Thailand

Region: Southeast Asia

Number of Trials: 4

September 19 Pro-Democracy Protests

Organization of Thai Federation Trial

Wut Boonlert & Samak Donnapee

Thammakaset Trials

In Thailand, TrialWatch is exposing how the authorities are using the courts to crack down on pro-democracy protesters, relying on outdated laws or those that are otherwise incompatible with international human rights. For instance, CFJ’s partner Columbia Law School is monitoring key trials brought under ‘secret society,’ sedition and ‘lese majeste’ laws.

At the same time, TrialWatch is also monitoring how the powerful are instrumentalizing criminal defamation laws to target their critics, which allow private parties to bring suits: In one case, a government official responding to critical Facebook posts; and in others, a large company retaliating against those who tweeted (or retweeted) criticism of their labor practices.

September 19 Pro-Democracy Protesters

A human rights lawyer Arnon Nampa and a protest leader, Parit "Penguin" Chiwarak flash three-fingers salute as they arrive at the criminal court after the public attorney moved to prosecute royal insult charges against them at the criminal court in Bangkok, Thailand, February 9, 2021. REUTERS/Chalinee Thirasupa

Twenty-two defendants, including student leader Parit ‘Penguin’ Chiwarak and human rights lawyer Arnon Nampa, face ‘insulting royalty’ (lese majeste) and sedition charges (among others) for speeches critical of the monarchy at a protest in September 2020. For instance, Parit criticized the Thai King’s trips to Germany during a global pandemic and public financing of the monarchy. Parit and Arnon’s trial is part of a much broader crackdown: Thai Lawyers for Human Rights have found that 1,600 people have been charged—among them more than 250 children and more than 150 who are facing lese majeste charges. Moreover, Arnon and two of the other defendants in the September 19 case could also face potential treason charges after Thailand’s constitutional court recently held that their criticism equated to an attempt to ‘overthrow the democratic regime of government with the King as Head of State.’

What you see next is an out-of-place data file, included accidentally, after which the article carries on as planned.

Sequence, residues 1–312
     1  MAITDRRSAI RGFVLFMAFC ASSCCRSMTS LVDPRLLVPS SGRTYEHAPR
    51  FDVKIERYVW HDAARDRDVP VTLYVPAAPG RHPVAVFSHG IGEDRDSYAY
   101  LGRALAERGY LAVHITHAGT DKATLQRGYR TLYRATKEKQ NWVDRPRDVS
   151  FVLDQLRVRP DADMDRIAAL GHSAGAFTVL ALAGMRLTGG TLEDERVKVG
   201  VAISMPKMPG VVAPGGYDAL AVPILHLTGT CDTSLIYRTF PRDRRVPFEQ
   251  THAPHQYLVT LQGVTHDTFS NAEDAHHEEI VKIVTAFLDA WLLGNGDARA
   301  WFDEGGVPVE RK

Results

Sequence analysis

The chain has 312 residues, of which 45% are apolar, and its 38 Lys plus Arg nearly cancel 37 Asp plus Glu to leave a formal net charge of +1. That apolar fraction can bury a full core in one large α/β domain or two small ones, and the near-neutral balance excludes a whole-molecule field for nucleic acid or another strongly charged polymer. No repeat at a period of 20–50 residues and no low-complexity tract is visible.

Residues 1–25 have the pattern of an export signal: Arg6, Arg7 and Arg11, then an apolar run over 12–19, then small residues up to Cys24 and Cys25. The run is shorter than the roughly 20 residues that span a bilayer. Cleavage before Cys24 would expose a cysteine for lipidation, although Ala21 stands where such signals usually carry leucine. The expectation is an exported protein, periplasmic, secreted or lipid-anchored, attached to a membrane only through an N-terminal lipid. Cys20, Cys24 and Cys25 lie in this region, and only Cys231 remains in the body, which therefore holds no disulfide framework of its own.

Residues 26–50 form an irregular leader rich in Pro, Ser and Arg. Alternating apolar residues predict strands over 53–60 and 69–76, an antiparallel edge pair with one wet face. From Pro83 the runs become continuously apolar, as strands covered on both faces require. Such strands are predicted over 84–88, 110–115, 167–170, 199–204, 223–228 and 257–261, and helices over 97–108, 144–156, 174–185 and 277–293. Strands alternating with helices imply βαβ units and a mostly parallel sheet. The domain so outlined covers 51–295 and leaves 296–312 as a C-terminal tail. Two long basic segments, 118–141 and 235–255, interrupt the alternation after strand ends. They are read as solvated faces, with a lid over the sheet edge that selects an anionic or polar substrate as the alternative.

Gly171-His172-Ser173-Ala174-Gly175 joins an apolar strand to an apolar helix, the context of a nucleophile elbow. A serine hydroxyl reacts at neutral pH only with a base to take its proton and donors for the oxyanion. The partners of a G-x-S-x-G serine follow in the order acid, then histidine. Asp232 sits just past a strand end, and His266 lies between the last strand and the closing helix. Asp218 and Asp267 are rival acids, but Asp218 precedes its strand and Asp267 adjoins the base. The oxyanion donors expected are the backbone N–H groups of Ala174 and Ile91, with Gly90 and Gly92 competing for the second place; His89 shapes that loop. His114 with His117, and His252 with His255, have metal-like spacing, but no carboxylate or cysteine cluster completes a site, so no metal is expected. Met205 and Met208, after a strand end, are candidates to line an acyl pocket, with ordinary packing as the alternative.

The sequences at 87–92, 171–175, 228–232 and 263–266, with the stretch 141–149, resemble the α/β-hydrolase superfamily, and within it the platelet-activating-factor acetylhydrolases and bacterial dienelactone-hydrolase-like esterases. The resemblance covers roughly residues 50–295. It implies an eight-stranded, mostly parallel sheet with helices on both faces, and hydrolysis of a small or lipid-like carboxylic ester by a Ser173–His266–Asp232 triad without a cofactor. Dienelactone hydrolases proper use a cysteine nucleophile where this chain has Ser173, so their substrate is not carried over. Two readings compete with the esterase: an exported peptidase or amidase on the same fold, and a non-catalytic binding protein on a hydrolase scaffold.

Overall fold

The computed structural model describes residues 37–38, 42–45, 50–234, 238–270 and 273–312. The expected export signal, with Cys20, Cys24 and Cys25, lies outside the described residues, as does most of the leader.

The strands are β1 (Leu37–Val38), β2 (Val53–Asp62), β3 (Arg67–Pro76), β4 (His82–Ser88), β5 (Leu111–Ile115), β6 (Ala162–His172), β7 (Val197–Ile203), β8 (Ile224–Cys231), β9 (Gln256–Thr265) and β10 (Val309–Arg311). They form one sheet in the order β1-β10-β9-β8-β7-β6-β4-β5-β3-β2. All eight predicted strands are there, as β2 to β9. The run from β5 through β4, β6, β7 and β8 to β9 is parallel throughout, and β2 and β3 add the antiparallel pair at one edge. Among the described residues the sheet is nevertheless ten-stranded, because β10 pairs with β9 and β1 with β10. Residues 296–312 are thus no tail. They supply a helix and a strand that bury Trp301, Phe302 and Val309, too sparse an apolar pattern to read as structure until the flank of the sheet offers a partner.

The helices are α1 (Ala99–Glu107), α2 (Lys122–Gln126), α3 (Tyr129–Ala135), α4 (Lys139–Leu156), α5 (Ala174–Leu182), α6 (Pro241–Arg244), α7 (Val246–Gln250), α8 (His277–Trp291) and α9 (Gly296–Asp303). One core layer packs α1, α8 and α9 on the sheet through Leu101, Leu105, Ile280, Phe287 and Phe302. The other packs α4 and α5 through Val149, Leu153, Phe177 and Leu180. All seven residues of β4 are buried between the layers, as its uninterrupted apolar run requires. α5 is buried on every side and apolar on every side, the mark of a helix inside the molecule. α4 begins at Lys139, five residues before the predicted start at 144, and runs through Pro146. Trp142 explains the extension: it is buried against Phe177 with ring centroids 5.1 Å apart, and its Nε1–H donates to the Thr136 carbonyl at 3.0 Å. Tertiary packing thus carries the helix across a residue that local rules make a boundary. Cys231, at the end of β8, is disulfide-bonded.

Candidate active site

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Organization of Thai Federation

Four alleged members of the Organization of Thai Federation (OTF), a political movement that advocates for a republican-style government and which the Thai government considers anti-monarchist, were convicted of ‘membership in a secret society’ for distributing flyers and t-shirts. The Fairness Report on the trial concludes that the proceedings “violate[d] the principle of legality” because the law was “fundamentally unclear,” facilitating its use “for unjustified restrictions of the freedom of speech.”  The report gave the trial a grade of ‘D.’

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Wut Boonlert & Samak Donnapee

An indigenous activist and retired parks official were charged with criminal defamation for social media posts that suggested a government official was misusing public land for private gain. While the defendants were acquitted, the report on the case, which was monitored by CFJ’s partner Columbia Law School as part of TrialWatch, concludes that the prosecution was a “misuse of criminal law” that may have been politically motivated, and gives the proceedings a grade of ‘C.’

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Thammakaset Trials

TrialWatch is monitoring some of the multiplying proceedings brought by the Thammakaset poultry company against those who have criticized their labor practices—which according to the FIDH now number more than 39 cases against 23 defendants.

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